1. re: maplesugar

                      "Donne-moi ce putain de poutine!"

                      (wow, that's quite rude...!)

                      1. re: Das Ubergeek

                        Er it went more like "Je veut un putain(poo-tain) et un pepsi s'il vous plate" when they mean poutine... happened when a friend of mine from Halifax was visiting and tried out his french... big oops! I explained my dear friend wasn't trying to be cute to the cashier and he'd like the poutine and 'suis désolé. I explained later (after a few drinks) what he accidentally tried to order... he turned beet red poor guy :)

                      2. re: maplesugar

                        I've never heard any anglophones (or anyone else), saying that. It doesn't make sense in English - the only mispronunciation I would have expected is saying poo - TINE - like the tines of a fork, or of course, putting the stress on the first syllable.

                        Don't worry, there are just as many embarrassing mispronunciations in the other direction. Can't go into them too much here as they don't relate to food enough for this site.

            2. What I'd recommend is the following approach:

              1) say (with a big smile, as someone else suggested!) "Bonjour! Je visite des États-Unis. Est-ce que vous parlez anglais" (Hello! I'm visiting from the United States. Do you speak English?) I guarantee that unless you're in the heart of the East End (i.e. off the beaten tourist path) that most servers (and salespeople, for that matter) will probably switch to English after they hear your accent, and be pleased/amused that you even made the attempt. If they don't, think of it as an opportunity to practice your French and/or hand gestures. :-) Chances are, their English is probably better than your French, and they'll likely switch to English at some point in the conversation.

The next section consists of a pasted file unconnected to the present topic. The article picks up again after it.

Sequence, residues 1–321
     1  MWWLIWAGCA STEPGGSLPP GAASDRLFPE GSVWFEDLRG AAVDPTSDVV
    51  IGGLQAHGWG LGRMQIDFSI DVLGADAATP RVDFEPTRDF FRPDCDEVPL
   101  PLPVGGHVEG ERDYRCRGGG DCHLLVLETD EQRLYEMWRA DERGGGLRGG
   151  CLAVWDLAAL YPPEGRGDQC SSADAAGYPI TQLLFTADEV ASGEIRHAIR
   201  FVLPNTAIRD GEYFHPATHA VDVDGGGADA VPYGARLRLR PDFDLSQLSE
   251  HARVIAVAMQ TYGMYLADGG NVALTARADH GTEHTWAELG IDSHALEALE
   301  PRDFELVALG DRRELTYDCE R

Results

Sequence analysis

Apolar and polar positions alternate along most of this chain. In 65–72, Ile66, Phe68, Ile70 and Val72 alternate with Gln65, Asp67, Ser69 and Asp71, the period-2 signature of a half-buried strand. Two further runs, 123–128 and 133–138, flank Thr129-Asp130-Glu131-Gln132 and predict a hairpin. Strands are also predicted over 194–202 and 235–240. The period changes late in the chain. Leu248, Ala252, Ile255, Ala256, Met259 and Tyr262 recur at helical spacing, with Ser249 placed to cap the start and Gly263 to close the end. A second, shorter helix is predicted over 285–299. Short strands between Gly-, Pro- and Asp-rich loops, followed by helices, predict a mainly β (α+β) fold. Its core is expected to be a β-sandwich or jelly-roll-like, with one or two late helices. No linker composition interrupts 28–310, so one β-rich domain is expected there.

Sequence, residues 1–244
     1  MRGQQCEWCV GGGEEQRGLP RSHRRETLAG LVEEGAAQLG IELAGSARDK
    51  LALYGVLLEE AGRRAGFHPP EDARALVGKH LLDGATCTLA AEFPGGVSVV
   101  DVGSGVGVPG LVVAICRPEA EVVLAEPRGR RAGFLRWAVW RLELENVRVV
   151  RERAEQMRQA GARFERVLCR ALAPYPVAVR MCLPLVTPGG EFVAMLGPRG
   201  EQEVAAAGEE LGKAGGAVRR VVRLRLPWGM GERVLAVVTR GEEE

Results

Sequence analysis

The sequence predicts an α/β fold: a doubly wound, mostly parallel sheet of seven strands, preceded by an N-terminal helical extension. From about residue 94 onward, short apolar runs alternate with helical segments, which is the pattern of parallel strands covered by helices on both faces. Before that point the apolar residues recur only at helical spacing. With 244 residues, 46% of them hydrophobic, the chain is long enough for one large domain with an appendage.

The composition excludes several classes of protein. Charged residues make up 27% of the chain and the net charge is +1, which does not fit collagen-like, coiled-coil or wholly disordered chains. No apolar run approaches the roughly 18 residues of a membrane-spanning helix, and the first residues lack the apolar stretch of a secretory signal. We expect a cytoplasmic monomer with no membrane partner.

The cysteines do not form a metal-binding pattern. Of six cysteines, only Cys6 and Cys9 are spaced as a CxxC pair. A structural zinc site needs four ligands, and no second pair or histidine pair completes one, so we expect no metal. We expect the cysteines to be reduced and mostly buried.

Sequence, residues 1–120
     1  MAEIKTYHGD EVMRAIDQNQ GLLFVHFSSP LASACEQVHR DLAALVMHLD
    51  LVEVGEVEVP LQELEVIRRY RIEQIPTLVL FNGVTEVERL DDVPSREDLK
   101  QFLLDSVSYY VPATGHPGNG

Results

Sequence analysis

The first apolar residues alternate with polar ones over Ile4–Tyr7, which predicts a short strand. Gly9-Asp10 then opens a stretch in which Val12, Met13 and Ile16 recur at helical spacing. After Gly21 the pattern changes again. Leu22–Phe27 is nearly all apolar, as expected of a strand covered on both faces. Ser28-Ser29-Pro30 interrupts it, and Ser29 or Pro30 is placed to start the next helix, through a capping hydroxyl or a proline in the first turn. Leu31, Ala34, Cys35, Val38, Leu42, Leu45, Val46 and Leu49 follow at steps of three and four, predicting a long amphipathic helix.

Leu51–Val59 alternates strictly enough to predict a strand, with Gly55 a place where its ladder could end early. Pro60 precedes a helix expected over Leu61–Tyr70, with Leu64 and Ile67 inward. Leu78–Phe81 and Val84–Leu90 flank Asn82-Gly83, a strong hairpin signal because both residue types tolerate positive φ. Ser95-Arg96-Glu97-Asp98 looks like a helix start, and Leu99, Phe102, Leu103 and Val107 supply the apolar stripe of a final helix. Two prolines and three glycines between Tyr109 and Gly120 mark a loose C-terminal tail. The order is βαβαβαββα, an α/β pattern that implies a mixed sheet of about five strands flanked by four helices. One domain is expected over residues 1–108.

OR if the thought of speaking even that much French scares you, try:

              2) say (with a big smile, as someone else suggested!) "Bonjour!" And then wait for a reply. Then continue in English, not speaking too fast in case the server's English is shaky.

              I don't think you'll have too much trouble using either of the above approaches. The idea is to let folks know (by your accent when you say "bonjour") that you're not from around these parts, and that you are at least making an effort to greet them in French. Keeping a Montreal tourist guide prominently visible on your table is also an idea.

              Hope this helps - have a wonderful trip!

              1. The only time I've ever received attitude on my several visits to Montreal concerning language was at a bakery in the Latin Quarter where an Anglophone barked nastily at me ("We speak English here") when I opened up in my minimal French. Never had a problem with Francophones in Montreal (in Quebec City, that's a different story...). Its' not Paris. (For that matter, it's not Madrid, where fluent non-Castilian Spanish was often met rudely with English. My German friends had warned me that Madrid was what Americans mistake Paris for in that regard.)

                4 Replies
                1. re: Karl S

                  Do you know if that attitude is Specific to Madrid or are a lot of bigger Spanish cities this way?

                  1. re: mainsqueeze

                    I only experienced it in central Castile.

                    1. re: mainsqueeze

                      I noticed that in Barcelona, it didn't matter if I spoke (reasonable) Catalan, I usually was met with a barrage of Castilian.

                    2. re: Karl S

                      Agree 100% about the attitude in Quebec City. They don't let you even attempt French.